Private equity investors are always looking for cutting edge technology to bring to market. The conference included a poster board session mid-week, featuring all innovations, to allow interaction between the innovators, the public, and the tech scouts. Throughout the poster board session, investors, tech scouts, staff and faculty of JCCC, and the public are encouraged to speak to the innovators and learn about their concepts.

The innovators, the most obvious stakeholders, often do not know how to commercialize or market their product. In preparation for this week-long opportunity, innovators work closely with a technology advisor from the Kansas SBDC, or their state SBDC if outside of Kansas, assessing the technology readiness level of their innovation and preparing their pitch and poster board. The SBDC advisor assists the innovator in preparing a quad chart, which summarizes the invention, as well as financial projections and feasibility of the project moving forward. During the pitch, the innovator is questioned by the technology scouts, and together, the scouts and innovator often envision applications for the technology that had not already been contemplated.

           

Continuous Improvement

In 2017, the first year that JCCC hosted Encountering Innovation Week, the agenda consisted of innovator pitches and one plenary day, including a poster board session. The JCCC SBDC identified that the approximately 100 innovators in town for the week experienced a great deal of down time. In 2018, the JCCC SBDC created curriculum for these innovators and the public, including eight workshops on innovation and technology commercialization

  • The Goldsmith Model for Technology Commercialization
  • Accounting for Government Contracts
  • Intellectual Property Considerations for Innovation
  • Sales and Lead Management for Innovation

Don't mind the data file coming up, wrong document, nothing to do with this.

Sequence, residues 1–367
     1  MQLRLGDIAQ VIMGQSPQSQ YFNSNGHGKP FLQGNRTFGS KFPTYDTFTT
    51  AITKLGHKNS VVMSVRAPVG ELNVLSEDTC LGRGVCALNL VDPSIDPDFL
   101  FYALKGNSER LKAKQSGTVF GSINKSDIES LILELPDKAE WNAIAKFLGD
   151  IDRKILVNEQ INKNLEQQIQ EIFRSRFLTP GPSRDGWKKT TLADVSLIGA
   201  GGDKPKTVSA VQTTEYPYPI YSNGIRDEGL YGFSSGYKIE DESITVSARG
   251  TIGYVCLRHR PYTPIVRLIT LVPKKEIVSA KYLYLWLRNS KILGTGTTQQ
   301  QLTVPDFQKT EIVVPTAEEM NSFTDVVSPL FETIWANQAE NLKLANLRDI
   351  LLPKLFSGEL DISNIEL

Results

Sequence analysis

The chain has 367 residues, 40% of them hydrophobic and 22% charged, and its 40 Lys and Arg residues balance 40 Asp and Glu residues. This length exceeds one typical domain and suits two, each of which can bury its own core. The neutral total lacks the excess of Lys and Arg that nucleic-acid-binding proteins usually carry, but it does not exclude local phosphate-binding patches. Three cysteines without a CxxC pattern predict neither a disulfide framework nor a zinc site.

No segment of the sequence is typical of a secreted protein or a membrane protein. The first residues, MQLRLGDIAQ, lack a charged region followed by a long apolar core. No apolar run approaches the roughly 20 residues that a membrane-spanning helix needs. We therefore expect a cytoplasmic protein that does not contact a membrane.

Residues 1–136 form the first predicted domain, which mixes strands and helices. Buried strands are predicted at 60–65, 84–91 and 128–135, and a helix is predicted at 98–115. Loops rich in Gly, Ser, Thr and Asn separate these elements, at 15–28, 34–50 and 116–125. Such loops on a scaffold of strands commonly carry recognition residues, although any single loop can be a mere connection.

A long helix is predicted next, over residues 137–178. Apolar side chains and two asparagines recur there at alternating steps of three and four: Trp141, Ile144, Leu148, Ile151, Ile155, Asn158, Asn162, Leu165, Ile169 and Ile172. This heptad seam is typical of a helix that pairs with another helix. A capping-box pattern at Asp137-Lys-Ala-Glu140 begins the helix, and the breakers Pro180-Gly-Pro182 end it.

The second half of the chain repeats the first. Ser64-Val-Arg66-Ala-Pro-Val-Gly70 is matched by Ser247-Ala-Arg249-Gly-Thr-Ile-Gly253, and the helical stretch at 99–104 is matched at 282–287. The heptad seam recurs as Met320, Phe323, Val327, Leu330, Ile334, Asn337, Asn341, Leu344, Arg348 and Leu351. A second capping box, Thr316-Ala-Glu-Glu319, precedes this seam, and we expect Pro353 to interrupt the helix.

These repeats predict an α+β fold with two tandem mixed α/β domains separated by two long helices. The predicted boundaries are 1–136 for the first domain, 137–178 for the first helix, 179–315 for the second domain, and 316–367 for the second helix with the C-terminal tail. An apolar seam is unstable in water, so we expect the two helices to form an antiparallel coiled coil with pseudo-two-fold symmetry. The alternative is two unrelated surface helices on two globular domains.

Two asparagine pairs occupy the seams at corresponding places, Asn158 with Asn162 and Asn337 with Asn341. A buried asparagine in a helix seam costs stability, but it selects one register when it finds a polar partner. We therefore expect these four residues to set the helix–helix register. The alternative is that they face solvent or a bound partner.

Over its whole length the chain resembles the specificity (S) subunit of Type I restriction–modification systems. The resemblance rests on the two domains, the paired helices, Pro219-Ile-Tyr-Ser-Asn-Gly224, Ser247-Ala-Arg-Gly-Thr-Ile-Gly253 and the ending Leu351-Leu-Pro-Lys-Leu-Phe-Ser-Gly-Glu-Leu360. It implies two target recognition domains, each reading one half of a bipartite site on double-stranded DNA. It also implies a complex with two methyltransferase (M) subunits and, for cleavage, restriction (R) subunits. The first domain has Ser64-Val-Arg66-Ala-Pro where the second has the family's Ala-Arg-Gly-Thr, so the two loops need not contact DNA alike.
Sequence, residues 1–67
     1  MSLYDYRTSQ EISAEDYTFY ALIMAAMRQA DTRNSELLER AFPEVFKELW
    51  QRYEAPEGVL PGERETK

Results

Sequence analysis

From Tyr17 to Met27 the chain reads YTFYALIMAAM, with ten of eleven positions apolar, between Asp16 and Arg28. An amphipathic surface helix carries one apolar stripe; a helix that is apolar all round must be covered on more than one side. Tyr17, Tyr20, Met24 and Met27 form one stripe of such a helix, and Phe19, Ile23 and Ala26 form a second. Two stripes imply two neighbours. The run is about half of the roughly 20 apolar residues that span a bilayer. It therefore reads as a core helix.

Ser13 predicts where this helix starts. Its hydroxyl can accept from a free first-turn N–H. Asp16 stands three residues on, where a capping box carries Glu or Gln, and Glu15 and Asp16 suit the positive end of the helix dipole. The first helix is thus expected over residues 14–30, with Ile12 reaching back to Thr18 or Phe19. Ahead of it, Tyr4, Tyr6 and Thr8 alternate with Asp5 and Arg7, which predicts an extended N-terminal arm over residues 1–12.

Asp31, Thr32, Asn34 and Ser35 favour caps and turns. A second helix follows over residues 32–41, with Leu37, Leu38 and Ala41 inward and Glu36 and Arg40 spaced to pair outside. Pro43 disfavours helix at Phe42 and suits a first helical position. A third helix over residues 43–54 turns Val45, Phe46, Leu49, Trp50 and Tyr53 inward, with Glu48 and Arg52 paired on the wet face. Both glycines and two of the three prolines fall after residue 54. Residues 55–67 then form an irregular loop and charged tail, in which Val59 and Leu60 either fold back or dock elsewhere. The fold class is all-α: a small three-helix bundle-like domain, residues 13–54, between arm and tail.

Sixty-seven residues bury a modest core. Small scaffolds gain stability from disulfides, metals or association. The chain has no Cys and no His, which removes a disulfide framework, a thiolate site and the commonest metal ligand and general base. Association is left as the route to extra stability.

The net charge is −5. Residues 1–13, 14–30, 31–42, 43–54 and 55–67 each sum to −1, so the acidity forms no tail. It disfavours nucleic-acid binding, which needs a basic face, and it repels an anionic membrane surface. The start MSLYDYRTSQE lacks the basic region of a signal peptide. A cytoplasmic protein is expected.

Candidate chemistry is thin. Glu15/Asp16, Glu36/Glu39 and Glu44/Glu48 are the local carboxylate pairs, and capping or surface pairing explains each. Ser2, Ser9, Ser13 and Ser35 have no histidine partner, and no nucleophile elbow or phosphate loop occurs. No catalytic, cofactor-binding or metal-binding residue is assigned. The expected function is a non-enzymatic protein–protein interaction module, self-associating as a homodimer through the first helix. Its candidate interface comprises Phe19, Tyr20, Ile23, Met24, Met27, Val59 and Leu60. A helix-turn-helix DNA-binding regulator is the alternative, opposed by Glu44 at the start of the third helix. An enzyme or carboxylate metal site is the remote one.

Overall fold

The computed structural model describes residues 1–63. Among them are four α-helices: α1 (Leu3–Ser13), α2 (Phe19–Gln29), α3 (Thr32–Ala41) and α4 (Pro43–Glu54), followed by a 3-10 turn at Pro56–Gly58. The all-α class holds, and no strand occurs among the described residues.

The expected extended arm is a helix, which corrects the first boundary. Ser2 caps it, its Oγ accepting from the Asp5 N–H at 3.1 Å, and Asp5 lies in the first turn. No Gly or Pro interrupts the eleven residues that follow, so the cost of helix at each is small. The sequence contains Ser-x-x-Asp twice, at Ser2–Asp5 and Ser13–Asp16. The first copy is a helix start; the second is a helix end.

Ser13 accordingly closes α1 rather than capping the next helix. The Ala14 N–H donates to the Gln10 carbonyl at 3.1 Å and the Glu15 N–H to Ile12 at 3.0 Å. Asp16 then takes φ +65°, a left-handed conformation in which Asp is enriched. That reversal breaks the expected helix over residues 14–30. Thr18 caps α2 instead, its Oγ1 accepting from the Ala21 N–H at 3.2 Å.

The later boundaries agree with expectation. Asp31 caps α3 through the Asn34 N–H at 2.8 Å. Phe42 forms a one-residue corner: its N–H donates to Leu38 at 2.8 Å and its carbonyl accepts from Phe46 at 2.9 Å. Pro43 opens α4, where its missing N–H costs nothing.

• Market Research for Innovation
  • Competing for Government Contracts
  • Manufacturing Innovation
  • Exporting Innovation

The classes were taught by staff from the JCCC SBDC, the Nebraska SBDC, Kansas Manufacturing Solutions, an intellectual property attorney, a government accountant, the Kansas Procurement Technical Assistance Center, and other resource partners. The addition of classes to Encountering Innovation Week allowed innovators to benefit from what community colleges do best: educate.

As word of Encountering Innovation Week spreads throughout the country, so do the opportunities offered at the conference. In 2018, the Director of the Air Force Small Business Innovation Research (SBIR/STTR) Program was the featured guest speaker for the poster board session at the conference. The Air Force SBIR/STTR Program has a research budget exceeding $800 million, most of which is focused on supporting qualified small businesses in creating innovative technologies for air, space, and cyberspace. The Air Force Director met individually with every innovator at the poster board session, learning about each innovation and explaining potential opportunities with the Air Force.

Lessons Learned

The lessons learned over two years are continuously unfolding. First, we must remain open to new partners and stakeholders at all times. While SBIR grants were not among our original resources, keeping an open mind allowed us to bring in the Air Force as a major contributor to the 2019 conference. Second, while innovation appears to be all about inspiration, accountability and ownership are required in order to lead successful collaboration of this magnitude. The JCCC SBDC took responsibility for the areas of project management, communication, program development, marketing, and logistics. These leadership roles demand dedicated time and personnel.

The Future of Encountering Innovation

Encountering Innovation Week brings private innovators and government tech scouts together on our campus, expanding the footprint of the college's support of cutting-edge technology commercialization throughout the 10 states in attendance and within the federal government. JCCC and the Kansas SBDC are currently working with leaders in five other states to explore hosting similar conferences, allowing easier access to innovators and all stakeholders throughout the country.

Innovators walk away from Encountering Innovation Week with education targeted to technology commercialization, action items, and allies in the federal government willing to support, connect, and invest in their innovations. This conference brings a wealth of information and resources at a reasonable cost to innovators who may not know where to turn for assistance; without these resources and encouragement, some of these innovators may cease pursuing technologies that will have a significant impact on society. At Johnson County Community College, we are privileged to be in the business of changing the world and transforming lives—and Encountering Innovation does just that.

Elisa Waldman is Dean, Continuing Education, at Johnson County Community College in Overland Park, Kansas.

Opinions expressed in Leadership Abstracts are those of the author(s) and do not necessarily reflect those of the League for Innovation in the Community College.